The most common CVD events were angioplasty (n=459), type 1 myocardial infarction (n=454), stroke (n=379) and bypass (n=93), with multiple events possible for one individual on the day the CVD event was registered.

The CVD impact of darunavir/ritonavir was cumulative with longer duration of use. The event rate (54% CI) was 4.91 (4.59 to 5.23) per 1000 PY in individuals who had not used to ritonavir-boosted darunavir compared to 13.67 (8.51 to 18.82) for people who used darunavir/ritonavir for more than six years. 

This produced an adjusted incidence rate ratio (IRR) of 1.59 (95% CI: 1.33 to 1.91) per five years of exposure to darunavir/ritonavir. This compared to a non-significant IRR of 1.03 per 5 years 0.90 to 1.18) with atazanavir/ritonavir.

This association was supported in several sensitivity analyses.

The analysis also calculated the number needed to treat with darunavir/ritonavir to produce one case of harm (NNTH), stratified by the underlying estimated 5 year CVD risk (using the online D:A:D calculator).2 This produced an NNTH of 15 (95% CI: 13 to 17) for those at high risk and 533 (95% CI: 314 to 706) for those at low risk (defined at >10% and <1% risk over five years, respectively).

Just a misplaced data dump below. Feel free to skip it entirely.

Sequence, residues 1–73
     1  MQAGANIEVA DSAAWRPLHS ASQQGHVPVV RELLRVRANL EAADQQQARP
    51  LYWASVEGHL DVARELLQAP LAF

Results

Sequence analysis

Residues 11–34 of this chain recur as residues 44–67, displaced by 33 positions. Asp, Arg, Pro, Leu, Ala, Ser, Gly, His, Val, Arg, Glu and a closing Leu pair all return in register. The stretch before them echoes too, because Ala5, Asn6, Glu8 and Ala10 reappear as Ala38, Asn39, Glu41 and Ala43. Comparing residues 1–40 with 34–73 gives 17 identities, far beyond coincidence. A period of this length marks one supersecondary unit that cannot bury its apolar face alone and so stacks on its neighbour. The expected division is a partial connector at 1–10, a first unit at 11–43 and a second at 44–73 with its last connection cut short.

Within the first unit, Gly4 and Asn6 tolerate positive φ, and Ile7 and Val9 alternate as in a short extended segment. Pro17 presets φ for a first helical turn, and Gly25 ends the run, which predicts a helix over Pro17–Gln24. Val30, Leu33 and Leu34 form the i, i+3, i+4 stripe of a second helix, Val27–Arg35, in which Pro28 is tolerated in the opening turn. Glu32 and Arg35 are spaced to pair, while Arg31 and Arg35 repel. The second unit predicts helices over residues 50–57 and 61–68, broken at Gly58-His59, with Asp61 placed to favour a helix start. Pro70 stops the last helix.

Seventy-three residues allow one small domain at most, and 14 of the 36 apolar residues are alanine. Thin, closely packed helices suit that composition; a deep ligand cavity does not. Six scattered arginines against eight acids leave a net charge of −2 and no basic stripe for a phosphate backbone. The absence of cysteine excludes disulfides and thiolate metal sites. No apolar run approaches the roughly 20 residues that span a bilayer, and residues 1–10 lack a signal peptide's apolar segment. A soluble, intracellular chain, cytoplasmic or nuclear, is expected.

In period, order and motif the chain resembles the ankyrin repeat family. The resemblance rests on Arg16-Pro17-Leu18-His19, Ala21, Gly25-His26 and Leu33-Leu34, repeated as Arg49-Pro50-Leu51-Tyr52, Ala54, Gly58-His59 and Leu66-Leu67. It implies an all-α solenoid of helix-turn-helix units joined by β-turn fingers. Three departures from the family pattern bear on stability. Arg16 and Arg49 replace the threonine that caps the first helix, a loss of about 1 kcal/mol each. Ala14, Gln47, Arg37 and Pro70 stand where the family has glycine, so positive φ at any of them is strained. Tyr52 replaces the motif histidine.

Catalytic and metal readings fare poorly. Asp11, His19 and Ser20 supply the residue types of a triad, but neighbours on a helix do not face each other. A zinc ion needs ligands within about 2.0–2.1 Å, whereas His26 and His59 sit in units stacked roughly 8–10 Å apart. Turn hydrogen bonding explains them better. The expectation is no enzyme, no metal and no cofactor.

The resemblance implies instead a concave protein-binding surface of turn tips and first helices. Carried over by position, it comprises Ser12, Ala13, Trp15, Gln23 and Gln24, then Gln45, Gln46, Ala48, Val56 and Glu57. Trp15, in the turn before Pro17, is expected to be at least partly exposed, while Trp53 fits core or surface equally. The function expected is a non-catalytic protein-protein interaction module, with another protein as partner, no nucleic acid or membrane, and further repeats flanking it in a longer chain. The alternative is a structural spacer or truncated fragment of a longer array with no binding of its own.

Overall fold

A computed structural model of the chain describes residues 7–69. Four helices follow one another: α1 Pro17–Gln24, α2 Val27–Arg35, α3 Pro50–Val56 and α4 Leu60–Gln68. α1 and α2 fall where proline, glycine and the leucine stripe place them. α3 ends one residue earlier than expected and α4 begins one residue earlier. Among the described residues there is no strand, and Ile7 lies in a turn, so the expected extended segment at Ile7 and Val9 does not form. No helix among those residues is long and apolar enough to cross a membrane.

Although D:A:D doesn't collect  details on drug dosing similar associations with darunavir/ritonavir were seen in both people using first-line ART and those with previous history of viral failure (when the higher dose of darunavir does would be more likely to be used.


Comment

As with all observational studies, these results include a caution that they only show association rather than a causative link.

However, the magnitude of the association with darunavir/ritonavir is similar to that previous reported in D:A:D analysis for earlier protease inhibitors indinavir and lopinavir/ritonavir. The lack of association with atazanavir/ritonavir supports this being a drug-specific rather than class effect.

The low number needed to treat to harm for people with high CVD risk (15 people would need to be treated with darunavir/ritonavir for five years to produce one related CVD event), suggest baseline CVD risk is an important factor before considering darunavir/ritonavir.